The 1st Ohio District Court of Appeals released its decision this morning, just a few hours after one of the three judges who ruled against the retirees was reelected. Judge Pat Fischer, a Republican, was on the ballot Tuesday — and now there is no way to know whether the ruling could have had any adverse impact on his reelection bid.

The retirees, a group that included former City Clerk Sandy Sherman, contended their benefits could be increased, but that they were not subject to reduction. The appeals court scuttled the argument:

“At issue in this case is an ordinance enacted by the city council in 2009. The ordinance amended sections of the code pertaining to the retirement system. … After the 2009 ordinance, the plaintiff-appellants would have a deductible to $200 and out-of-pocket caps for healthcare and prescriptions of $2,000. The ordinance provided that the revisions to the retirement system would become effective on January 1, 2010.”

The appeals court said hospital and medical benefits were in addition to retirement pension payments and were not subject to vesting, which meant they could be changed by ordinance.

“The distinction between the retirement allowances and the healthcare benefits has been maintained throughout the existence of the retirement system. The distinction is significant,” the appeals court ruled.

The case could still be taken to the Ohio Supreme Court.

The following table shows the fund's assets, and the funding ratio, through 2010:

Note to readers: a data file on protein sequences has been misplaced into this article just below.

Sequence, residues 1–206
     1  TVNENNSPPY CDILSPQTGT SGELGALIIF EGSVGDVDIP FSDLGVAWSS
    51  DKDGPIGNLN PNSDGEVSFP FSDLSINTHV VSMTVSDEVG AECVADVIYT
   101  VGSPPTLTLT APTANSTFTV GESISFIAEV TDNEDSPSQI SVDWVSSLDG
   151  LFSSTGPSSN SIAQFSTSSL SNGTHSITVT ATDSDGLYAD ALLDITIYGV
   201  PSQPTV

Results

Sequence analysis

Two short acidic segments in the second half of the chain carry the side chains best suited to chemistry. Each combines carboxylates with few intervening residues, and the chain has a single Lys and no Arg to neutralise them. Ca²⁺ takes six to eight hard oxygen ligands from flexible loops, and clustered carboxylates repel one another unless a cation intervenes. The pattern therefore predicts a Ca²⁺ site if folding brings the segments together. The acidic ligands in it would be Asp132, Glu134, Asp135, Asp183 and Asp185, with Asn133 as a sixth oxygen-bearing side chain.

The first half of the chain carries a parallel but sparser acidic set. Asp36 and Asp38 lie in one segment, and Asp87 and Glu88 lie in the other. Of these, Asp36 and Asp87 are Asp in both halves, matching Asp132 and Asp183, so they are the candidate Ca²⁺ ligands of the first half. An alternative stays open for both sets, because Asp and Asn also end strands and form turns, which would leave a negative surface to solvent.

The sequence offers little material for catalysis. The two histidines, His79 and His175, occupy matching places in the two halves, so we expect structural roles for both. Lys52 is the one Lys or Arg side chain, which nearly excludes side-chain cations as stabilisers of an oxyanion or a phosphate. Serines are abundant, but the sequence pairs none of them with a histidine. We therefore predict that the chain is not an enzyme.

by German Lopez 06.26.2013
Posted In: News, Development, Streetcar, City Council at 02:28 PM | Permalink | Comments (0)
 
 
city hall

City Council Approves Streetcar Budget Fixes

Funding for development at Fourth, Race streets also gets approval

City Council today approved funding and accountability measures for the Cincinnati streetcar project, allowing the project to move forward.

On Monday, the Budget and Finance Committee approved the measures, which CityBeat covered in further detail here. The funding ordinance closes the streetcar project's $17.4 million budget gap by issuing more debt and pulling funding from various capital projects, including infrastructure improvements around the Horseshoe Casino.

The accountability motion will require the city manager to update City Council with a timeline of key milestones, performance measures, an operating plan, staffing assessments and monthly progress reports.

Council members Roxanne Qualls, Laure Quinlivan, Chris Seelbach, Yvette Simpson and Wendell Young voted for the measures. Council members P.G. Sittenfeld, Chris Smitherman and Charlie Winburn voted against both. Councilwoman Pam Thomas voted against the funding ordinance, but she voted for the accountability motion.

City Council also unanimously approved funding for a development project on Fourth and Race streets, which includes a downtown grocery store, luxury apartment tower and parking garage to replace Pogue's Garage. CityBeat covered that project in further detail here.

 
 
by Kevin Osborne 04.10.2012
Posted In: Mayor, City Council, Republicans at 03:25 PM | Permalink | Comments (0)
 
 
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Local GOP Has Dueling Responses to State of the City Address

Winburn, Murray will speak after Mallory's speech

In a replay of the Republican kerfuffle after President Obama’s State of the Nation address last year, there will be dueling GOP responses tonight to Mayor Mark Mallory’s State of the City address.